-- Another Afghan-international security force detained a suspected insurgent in Zabul province while pursuing a Shah Joy district Taliban commander. The combined force went to a series of compounds in Molla Bahlul Kowrunah in Shah Joy district. After clearing and securing the area, the security force interviewed the residents of the targeted compound and detained the suspected insurgent. No shots were fired and women and children present were protected by the combined security force.
Afghanistan news for July 16:
-- An Afghan-international security force killed several insurgents in the Deh Chopan district of Zabul province when insurgents attacked the combined force with small-arms fire. The attack came only minutes after the combined force had met with villagers as part of an engagement initiative to build relationships and increase awareness of the Afghanistan government's goals and objectives. The combined force received machine gun and AK-47 fire from an unknown number of insurgents in multiple firing positions. The combined force returned fire and called in close-air support to drop precision guided munitions on the insurgent firing positions. Several insurgents were killed in the engagement, while others fled the scene.
-- An Afghan-international force captured a Taliban IED facilitator in Kabul after intelligence indicated he was involved in coordinating an attack in Kabul during the Kabul conference. A combined security force went to a compound in the city and Afghan forces used a loudspeaker to call for all occupants to peacefully exit the buildings. After the compound was cleared and secured, the combined security force detained the facilitator along with several other suspected insurgents. No damage was done to the compound and women and children were protected by the combined security force.
-- An Afghan-international security force detained several suspected insurgents in Kandahar province while pursuing a senior Taliban commander who operates from eastern Kandahar City. The commander is responsible for IED and indirect fire attacks and suicide bombings in and around Kandahar City. The security force detained the suspected insurgents for further questioning after interviewing residents of a targeted compound near Khersak in Arghandab district. No shots were fired and women and children were protected by the combined security force.
Afghanistan news for July 15:
-- An Afghan-international security force discovered nearly 2 tons of heroin as well as 1,800 pounds of raw opium and 200 pounds of ammonium nitrate during a security operation in the Now Zad district of Helmand province. The security force also detained two suspected insurgents who were transporting the drugs and explosive material, which was destroyed at the scene. No shots were fired. According to U.S. Drug Enforcement Agency officials, the confiscated drugs have a U.S. street value of more than $38 million. The ammonium nitrate could be used to produce about 25 IEDs. The combined security force was pursuing a senior Taliban commander operating in northern Helmand province who also is involved in the purchase and distribution of IED-making material. The Afghan-international forces discovered the drugs and illegal fertilizer in an area east of Urmuz in Now Zad district. Helmand province has seen heavy fighting between coalition forces and the Taliban, who are deeply entrenched in the villages of the poppy-producing region. The Taliban are known to use the proceeds from the sale of drugs to pay for weapons, IED components, explosives and foreign fighters who are being brought into Kandahar and Helmand provinces by the Taliban.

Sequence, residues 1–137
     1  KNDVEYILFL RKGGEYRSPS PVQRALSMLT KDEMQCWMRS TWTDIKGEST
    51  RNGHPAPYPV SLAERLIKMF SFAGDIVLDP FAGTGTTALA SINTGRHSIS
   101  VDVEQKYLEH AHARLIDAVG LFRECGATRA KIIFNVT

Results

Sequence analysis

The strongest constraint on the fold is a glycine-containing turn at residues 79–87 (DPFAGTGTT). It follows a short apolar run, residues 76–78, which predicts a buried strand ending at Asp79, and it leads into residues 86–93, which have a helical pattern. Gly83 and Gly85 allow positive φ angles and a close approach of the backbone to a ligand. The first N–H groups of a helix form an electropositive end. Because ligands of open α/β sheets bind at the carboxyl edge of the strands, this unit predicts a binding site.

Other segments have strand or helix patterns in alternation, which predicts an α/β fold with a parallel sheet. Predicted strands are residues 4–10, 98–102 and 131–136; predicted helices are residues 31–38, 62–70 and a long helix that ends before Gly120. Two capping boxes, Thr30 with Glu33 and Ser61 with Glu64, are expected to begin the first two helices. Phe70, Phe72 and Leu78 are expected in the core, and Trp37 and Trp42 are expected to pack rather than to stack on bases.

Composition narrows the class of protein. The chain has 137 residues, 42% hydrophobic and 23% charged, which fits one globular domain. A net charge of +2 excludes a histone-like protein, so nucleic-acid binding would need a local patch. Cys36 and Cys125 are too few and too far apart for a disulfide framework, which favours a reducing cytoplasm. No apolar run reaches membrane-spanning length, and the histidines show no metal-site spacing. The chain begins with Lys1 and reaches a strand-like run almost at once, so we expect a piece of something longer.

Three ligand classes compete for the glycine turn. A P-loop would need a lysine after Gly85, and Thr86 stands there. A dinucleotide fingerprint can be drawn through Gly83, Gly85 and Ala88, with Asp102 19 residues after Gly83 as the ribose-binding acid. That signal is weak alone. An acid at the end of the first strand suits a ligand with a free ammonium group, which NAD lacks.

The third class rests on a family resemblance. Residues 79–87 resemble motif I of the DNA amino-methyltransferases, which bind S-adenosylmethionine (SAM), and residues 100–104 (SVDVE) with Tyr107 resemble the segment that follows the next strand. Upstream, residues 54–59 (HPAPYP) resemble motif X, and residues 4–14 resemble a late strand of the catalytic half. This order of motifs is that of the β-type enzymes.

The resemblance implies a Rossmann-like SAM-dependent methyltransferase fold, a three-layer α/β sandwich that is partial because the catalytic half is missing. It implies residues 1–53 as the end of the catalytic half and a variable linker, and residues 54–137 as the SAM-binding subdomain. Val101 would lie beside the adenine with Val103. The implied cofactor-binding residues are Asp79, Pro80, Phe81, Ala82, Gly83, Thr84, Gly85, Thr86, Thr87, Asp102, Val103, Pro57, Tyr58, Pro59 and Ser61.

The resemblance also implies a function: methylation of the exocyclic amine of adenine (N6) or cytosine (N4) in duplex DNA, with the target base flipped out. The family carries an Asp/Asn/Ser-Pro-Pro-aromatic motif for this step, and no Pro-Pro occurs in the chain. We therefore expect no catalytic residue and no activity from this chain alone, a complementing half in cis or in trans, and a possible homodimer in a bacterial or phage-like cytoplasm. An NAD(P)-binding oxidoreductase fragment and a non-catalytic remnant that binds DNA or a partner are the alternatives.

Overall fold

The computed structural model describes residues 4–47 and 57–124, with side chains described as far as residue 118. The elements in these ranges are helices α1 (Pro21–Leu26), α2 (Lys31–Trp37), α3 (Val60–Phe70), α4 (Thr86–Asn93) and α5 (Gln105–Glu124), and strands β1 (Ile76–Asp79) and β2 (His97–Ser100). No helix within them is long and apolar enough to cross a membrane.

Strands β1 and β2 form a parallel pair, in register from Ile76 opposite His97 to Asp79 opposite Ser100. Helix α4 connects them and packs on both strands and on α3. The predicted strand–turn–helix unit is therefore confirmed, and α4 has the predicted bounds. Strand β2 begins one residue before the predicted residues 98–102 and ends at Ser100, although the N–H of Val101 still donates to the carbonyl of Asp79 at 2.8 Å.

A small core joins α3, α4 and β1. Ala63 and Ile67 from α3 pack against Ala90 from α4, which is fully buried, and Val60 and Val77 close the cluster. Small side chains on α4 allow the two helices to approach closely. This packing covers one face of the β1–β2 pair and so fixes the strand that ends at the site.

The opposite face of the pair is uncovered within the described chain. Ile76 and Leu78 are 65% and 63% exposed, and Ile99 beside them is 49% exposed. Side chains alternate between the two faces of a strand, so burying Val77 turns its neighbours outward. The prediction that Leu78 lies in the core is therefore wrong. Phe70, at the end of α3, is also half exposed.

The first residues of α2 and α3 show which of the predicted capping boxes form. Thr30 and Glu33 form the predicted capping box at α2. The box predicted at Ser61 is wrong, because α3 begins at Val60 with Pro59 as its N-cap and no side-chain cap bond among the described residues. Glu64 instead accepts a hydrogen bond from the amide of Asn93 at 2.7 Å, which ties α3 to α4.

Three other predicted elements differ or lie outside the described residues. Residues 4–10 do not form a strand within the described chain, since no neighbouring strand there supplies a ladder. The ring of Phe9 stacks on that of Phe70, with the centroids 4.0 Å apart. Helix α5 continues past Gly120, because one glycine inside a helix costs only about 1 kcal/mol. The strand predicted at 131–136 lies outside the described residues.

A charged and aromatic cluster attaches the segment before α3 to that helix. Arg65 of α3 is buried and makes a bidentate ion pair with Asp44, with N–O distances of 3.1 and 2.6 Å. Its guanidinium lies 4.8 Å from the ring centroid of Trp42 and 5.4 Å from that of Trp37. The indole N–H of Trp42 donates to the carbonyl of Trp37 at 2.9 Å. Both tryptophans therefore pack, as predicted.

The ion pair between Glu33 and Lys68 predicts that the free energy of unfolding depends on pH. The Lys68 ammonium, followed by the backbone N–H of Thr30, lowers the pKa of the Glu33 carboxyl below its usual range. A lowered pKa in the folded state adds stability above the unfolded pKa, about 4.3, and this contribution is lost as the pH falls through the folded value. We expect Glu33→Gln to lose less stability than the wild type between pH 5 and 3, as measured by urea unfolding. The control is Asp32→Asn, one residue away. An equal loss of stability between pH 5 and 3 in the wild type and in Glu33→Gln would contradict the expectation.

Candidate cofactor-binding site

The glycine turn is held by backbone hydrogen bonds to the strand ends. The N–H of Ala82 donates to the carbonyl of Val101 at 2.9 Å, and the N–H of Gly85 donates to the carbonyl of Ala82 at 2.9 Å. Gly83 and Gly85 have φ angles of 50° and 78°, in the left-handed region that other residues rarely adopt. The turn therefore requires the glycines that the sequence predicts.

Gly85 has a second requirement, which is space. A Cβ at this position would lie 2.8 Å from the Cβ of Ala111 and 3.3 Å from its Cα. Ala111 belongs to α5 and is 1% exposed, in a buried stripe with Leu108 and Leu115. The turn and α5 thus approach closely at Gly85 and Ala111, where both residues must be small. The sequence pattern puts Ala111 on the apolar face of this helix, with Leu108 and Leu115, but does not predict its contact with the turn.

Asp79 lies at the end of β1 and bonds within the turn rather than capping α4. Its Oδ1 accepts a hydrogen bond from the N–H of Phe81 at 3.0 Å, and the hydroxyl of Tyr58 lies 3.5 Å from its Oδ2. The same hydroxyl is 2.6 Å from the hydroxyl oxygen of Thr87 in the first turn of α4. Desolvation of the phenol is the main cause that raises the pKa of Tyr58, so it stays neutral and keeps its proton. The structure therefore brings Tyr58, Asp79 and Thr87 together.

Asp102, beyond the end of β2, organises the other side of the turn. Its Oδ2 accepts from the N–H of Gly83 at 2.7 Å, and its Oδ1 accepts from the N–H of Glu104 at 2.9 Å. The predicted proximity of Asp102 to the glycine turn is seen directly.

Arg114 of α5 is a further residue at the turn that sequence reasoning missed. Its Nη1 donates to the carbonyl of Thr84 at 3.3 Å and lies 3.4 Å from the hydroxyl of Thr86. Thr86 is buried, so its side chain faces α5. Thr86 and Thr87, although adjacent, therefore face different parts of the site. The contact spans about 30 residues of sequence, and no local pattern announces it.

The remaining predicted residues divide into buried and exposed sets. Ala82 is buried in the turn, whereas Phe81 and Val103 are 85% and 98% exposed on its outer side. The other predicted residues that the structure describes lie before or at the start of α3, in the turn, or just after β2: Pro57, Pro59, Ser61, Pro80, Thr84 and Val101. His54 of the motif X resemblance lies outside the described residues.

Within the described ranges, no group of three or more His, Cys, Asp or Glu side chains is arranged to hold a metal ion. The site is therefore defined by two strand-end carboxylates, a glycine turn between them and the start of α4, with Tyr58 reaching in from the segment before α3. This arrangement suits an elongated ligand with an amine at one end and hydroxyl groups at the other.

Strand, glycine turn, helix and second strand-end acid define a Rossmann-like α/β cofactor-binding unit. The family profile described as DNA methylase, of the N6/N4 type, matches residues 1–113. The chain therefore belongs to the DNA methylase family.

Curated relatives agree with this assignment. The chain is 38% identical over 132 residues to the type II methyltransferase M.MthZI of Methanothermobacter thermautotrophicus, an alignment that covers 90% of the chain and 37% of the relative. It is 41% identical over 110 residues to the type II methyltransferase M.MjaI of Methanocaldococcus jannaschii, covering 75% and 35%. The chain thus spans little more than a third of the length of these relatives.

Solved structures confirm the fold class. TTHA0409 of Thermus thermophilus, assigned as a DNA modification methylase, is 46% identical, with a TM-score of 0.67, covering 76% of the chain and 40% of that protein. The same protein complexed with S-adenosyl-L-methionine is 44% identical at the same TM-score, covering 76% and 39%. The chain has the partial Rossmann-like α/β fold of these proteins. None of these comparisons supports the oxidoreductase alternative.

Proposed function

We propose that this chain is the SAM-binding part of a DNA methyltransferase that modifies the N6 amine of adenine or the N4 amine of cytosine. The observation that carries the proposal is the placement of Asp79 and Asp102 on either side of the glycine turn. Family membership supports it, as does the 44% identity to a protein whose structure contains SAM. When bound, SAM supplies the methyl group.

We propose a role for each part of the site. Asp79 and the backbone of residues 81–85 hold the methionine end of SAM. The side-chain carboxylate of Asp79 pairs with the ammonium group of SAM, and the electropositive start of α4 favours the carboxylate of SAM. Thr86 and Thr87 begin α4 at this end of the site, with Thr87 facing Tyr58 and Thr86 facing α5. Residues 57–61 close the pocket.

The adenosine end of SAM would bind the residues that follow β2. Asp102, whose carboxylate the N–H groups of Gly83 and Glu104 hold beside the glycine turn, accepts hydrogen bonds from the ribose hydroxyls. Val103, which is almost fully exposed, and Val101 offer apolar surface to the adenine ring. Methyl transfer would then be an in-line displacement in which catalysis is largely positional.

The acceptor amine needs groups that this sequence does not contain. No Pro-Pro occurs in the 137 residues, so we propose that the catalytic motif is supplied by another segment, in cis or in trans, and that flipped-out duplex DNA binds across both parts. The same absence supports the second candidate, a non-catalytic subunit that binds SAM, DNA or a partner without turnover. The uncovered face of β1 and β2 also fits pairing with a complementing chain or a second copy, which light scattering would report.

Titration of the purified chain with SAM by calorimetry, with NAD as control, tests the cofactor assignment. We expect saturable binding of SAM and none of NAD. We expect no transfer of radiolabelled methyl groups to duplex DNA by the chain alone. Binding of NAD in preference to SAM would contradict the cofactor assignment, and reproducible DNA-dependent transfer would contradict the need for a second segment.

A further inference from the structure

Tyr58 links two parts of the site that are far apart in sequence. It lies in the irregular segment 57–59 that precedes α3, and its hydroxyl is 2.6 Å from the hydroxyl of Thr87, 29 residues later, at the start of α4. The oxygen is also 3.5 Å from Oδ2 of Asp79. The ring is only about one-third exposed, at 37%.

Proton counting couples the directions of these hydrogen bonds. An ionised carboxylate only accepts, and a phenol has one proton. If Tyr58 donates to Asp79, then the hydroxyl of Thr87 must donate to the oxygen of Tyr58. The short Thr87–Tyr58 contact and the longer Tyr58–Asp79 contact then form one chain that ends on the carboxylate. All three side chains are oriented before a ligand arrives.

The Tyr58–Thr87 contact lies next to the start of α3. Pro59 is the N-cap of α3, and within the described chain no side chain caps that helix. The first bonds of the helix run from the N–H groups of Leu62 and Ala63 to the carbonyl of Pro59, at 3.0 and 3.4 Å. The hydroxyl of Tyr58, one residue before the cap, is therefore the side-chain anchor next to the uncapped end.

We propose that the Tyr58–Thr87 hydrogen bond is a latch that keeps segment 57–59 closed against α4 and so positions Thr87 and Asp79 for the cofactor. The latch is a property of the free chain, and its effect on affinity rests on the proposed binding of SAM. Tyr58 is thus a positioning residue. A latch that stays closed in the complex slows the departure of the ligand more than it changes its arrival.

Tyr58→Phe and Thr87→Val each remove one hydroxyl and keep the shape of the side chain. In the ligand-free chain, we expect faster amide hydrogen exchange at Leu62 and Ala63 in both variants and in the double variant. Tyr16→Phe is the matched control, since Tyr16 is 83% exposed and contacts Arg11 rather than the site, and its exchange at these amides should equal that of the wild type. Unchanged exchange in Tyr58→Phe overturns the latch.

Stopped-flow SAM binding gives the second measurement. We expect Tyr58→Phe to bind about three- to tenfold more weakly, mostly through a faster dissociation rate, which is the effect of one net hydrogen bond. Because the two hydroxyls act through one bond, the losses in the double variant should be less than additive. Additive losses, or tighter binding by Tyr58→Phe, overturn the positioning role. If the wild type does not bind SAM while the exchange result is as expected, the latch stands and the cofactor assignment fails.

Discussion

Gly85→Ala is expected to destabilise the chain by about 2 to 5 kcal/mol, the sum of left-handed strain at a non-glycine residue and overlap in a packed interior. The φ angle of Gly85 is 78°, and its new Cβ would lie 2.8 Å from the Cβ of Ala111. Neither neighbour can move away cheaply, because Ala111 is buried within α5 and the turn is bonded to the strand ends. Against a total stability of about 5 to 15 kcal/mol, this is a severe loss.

"Drugs, weapons, bombs, foreign fighters and violence-this is what the Taliban offers the people of Afghanistan," said Col. Rafael Torres, ISAF Joint Command's Combined Joint Operations Center director. Afghan and international forces, Torres added, will "continue to interdict the drugs used to fund insurgent activity and give the people of Helmand the opportunity that security and stability will bring."
-- An Afghan and coalition security force detained two suspected insurgents in Helmand province while pursuing a Taliban military commander in charge of fighters in parts of Marjah and Nad 'Ali districts. The security force went to a compound in rural Nad 'Ali district to search the area. After securing the area, the security force interviewed residents of the targeted compounds and then detained the suspected insurgents. Last month Afghan and international forces killed Maulawi Mahmood, a recently appointed senior Taliban commander for Maiwand district in western Kandahar province.